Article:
Arizona State gets probation for NCAA violations

April 19, 2024, 1:09 PM

The NCAA announced penalties for Arizona State and four former employees related to recruiting violations that occurred under former football coach Herm Edwards.

Arizona State received four years of probation, an undisclosed fine, vacated games in which ineligible players competed, reduced scholarships and recruiting restrictions. The NCAA did not provide further details about any of those punishments. The school also disassociated from a booster for five years.

The NCAA acknowledged the school had self-imposed a one-year bowl ban last season. The Sun Devils will be eligible for a bowl in 2024.

"Arizona State's cooperation throughout the investigation and processing of this case was exemplary, and the cooperation began with the leadership shown by the university president," said Jason Leonard, executive director of athletics compliance at Oklahoma and chief hearing officer for the NCAA committee on infractions panel. "The school's acceptance of responsibility and decision to self-impose meaningful core penalties is a model for all schools to follow and is consistent with the expectations of the NCAA's infractions program."

Edwards, who now works for ESPN, was fired after the Sun Devils went 1-2 to start the 2022 season. He was found to have committed a "responsibility violation," according to the NCAA.

The allegations first came to light three years ago, when a package of documents sent to the NCAA detailed several recruiting violations, including ignoring restrictions in place during the COVID-19 recruiting dead period. During this time, a mother of a player purchased travel accommodations for recruits to visit campus, staff members provided guided tours to roughly a dozen recruits when campus was closed to visitors and a coach worked out a player in a park.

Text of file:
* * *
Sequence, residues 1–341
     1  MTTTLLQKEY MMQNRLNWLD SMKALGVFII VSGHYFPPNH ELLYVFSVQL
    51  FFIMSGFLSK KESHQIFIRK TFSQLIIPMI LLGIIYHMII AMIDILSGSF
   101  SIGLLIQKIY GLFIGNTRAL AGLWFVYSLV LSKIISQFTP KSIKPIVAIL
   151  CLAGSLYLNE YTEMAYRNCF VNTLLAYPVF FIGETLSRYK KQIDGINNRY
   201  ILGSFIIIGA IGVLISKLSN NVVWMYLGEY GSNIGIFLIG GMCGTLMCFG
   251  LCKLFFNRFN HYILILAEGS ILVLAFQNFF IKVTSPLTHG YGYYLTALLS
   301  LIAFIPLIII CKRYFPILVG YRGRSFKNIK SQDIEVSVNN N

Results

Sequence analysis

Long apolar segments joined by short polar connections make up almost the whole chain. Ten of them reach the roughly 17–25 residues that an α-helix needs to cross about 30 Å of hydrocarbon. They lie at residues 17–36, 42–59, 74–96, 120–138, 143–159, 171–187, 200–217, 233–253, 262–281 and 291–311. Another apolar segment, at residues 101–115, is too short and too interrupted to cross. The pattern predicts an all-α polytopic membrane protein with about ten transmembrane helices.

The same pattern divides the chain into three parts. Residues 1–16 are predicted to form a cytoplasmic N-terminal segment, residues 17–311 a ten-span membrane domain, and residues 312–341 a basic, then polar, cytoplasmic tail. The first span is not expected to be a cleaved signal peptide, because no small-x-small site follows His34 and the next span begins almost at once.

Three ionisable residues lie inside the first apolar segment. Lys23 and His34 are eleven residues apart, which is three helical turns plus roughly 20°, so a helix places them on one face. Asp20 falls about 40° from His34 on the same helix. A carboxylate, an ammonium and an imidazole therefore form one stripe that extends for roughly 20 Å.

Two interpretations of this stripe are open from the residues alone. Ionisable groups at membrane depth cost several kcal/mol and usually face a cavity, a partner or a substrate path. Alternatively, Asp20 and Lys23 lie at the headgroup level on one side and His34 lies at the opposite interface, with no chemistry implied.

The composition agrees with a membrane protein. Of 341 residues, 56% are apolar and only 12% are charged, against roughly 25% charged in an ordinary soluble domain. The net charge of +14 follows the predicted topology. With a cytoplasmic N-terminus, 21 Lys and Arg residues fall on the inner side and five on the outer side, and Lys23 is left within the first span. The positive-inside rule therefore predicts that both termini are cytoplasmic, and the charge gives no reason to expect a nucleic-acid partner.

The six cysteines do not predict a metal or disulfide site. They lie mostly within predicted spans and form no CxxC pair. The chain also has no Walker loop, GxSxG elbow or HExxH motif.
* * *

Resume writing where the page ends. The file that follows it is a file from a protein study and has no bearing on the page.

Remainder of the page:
The NCAA found Arizona State offered "recruiting inducements, impermissible tryouts and [committed] tampering."

No individuals were named by the NCAA, nor were their specific punishments provided.

"The individuals also agreed to or did not contest show-cause orders ranging from three to 10 years consistent with the Level I-aggravated classifications of their respective violations," the NCAA said.

The purported ringleader of the rule-breaking culture, former defensive coordinator Antonio Pierce, left the program after the 2021 season and is now the head coach of the Las Vegas Raiders.

"The COVID dead period rules were created not only for the sake of competitive equity but for the safety and well-being of prospective and enrolled student-athletes and their families," Arizona State president Michael Crow said. "ASU is disappointed and embarrassed by the actions of certain former football staff members who took advantage of a global pandemic to hide their behavior."

The punishment issued Friday by the NCAA does not mark the end of the line for the violations.

"Two individuals are contesting portions of their respective cases via written record hearing," the NCAA said. "After the written record hearing, the committee will release its full decision."

The NCAA and Arizona State said they will not comment further.